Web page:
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City to Spray for Mosquitoes in Central and East Brooklyn

In the fight against mosquitoes, the health department uses pesticides that are low-risk to people and pets, and provides the community with additional tips and resources to "fight the bite.
Mosquito, BK Reader
Photo credit: NBC News

In the fight against mosquitoes, the health department uses pesticides that are low-risk to people and pets, and provides the community with additional tips and resources to "fight the bite."

Mosquito and ticks - protect yourself!
Photo credit: NBC News

To reduce mosquito activity and the risk of West Nile virus, the health department is dispatching trucks to spray pesticides in parts of Brownsville, Clinton Hill, Crown Heights, East Flatbush, East New York, Fort Greene and Prospect Heights, on Wednesday, August 8, between the hours of 9:00pm and 6:00am, weather permitting. In case of inclement weather, the application will be delayed until Thursday, August 9, during the same hours.

For the truck sprayings in Brooklyn, the health department will use very low concentrations of DUET®. The risks of these pesticides are low to people and pets. Some people who are sensitive to spray ingredients may experience short-term eye or throat irritation or a rash. People with respiratory conditions may also be affected.

DOH to spray for Mosquitoes in Central and East Brooklyn.
This map, and the application area it depicts, is an approximation and should not be relied on as a specific description of the area to be sprayed. The red dots represent positive mosquito traps, with the number of positive water pools shown in the parentheses.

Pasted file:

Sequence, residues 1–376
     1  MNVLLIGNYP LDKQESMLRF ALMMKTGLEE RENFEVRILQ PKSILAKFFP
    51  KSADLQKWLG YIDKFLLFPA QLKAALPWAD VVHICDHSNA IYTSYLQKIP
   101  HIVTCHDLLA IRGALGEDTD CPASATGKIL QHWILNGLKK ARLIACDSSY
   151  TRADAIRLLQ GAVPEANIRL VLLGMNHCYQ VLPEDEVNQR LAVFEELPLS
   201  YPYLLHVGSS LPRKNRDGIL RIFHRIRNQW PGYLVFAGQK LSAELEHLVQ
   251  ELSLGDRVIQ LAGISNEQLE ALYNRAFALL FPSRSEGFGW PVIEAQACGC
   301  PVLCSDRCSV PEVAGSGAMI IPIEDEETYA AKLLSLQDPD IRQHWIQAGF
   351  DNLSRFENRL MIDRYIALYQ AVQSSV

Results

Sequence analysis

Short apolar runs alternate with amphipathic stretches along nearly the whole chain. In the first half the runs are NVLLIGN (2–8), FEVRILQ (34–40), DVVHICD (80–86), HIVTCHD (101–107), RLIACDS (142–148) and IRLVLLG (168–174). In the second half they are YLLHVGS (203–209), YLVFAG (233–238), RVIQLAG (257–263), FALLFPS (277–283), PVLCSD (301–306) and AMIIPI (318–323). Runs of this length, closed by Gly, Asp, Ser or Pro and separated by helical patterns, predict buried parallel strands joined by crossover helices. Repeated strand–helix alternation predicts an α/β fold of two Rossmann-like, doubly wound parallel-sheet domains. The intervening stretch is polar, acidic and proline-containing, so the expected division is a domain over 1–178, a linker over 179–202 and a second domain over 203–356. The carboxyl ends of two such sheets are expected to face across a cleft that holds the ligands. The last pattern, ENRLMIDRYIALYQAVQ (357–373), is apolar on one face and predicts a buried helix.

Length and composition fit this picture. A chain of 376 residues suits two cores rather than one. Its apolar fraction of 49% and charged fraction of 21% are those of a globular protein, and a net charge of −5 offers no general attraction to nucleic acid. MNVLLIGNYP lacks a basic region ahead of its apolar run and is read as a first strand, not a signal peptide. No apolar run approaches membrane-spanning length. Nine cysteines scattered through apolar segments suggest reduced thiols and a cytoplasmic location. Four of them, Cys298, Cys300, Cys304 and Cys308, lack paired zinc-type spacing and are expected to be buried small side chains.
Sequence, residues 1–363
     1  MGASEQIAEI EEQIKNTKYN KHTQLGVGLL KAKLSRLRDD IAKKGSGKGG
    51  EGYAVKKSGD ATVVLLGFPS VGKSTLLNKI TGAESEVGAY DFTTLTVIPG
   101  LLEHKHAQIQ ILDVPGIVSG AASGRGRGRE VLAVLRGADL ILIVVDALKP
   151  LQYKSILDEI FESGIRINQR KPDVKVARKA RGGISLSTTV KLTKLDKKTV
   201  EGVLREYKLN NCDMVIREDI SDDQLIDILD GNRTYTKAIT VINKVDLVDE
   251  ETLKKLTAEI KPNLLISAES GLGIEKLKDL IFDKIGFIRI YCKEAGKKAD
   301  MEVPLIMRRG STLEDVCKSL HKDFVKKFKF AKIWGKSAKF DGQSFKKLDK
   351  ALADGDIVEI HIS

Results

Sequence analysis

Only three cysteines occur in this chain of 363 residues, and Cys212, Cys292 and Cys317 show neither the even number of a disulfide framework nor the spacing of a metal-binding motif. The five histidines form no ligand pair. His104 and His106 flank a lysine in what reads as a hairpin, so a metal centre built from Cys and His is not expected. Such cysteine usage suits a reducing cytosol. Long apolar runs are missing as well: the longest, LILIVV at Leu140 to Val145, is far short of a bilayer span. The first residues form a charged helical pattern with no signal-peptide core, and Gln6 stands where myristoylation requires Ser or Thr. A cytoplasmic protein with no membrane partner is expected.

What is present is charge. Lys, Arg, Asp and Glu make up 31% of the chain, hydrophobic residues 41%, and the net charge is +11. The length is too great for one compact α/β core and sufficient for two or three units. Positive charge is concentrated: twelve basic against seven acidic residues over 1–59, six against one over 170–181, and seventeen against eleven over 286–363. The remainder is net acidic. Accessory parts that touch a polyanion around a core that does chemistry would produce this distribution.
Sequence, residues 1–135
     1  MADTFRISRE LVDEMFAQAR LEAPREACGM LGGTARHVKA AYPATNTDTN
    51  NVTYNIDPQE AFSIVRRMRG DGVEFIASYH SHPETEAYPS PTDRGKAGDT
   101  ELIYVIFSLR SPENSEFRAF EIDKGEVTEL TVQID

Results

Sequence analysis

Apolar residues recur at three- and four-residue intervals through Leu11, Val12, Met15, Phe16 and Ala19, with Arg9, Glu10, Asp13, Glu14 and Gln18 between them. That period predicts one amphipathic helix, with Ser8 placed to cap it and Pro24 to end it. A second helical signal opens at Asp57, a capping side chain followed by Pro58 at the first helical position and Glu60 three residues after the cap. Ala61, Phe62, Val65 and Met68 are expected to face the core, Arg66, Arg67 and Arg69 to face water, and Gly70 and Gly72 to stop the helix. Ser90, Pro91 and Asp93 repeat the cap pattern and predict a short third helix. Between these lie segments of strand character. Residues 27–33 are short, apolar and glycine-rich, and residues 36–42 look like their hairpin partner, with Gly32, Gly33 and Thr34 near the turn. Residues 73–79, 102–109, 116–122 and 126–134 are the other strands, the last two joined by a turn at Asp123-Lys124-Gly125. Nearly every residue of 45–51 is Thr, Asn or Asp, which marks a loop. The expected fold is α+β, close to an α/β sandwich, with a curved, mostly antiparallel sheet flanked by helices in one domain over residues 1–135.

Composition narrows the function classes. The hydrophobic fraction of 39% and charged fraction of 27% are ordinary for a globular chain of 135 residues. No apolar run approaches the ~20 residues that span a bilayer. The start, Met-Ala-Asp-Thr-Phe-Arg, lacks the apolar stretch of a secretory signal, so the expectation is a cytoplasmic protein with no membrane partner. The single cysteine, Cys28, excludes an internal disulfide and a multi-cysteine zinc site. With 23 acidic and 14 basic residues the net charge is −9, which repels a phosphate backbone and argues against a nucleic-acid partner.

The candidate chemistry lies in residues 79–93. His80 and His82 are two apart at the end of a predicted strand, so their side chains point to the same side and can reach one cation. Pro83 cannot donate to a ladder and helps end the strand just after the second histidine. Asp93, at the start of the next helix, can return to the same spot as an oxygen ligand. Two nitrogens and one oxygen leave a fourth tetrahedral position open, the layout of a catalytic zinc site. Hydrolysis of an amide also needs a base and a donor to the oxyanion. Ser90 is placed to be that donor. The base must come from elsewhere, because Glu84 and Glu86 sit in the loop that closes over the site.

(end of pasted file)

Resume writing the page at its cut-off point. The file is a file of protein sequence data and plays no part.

To stay safe during spraying:

  • Stay indoors, whenever possible.
  • Air conditioners can remain on. While unnecessary, you may wish to close air conditioner vents or choose the recirculate function.

After spraying: 

  • While unnecessary, you can wash outdoor toys and equipment with soap and water. 
  • Wash skin and clothing exposed to pesticides with soap and water.
  • Always wash fruits and vegetables with water.

The most effective way to control mosquitoes is to eliminate any standing water. New Yorkers are also encouraged to mosquito-proof their homes and take precautions when spending time outdoors. Other ways to reducing exposure to mosquitoes include:

  • Use an approved insect repellent containing DEET, picaridin, oil of lemon eucalyptus (not for children under three), or products that contain the active ingredient IR3535. 
  • Make sure windows have screens. Repair or replace screens that have tears or holes.
  • Eliminate any standing water from your property and dispose of containers that can collect water. Standing water is a violation of the New York City Health Code.
  • Make sure roof gutters are clean and draining properly.

To learn more about mosquitoes and how to fight the bite, go here.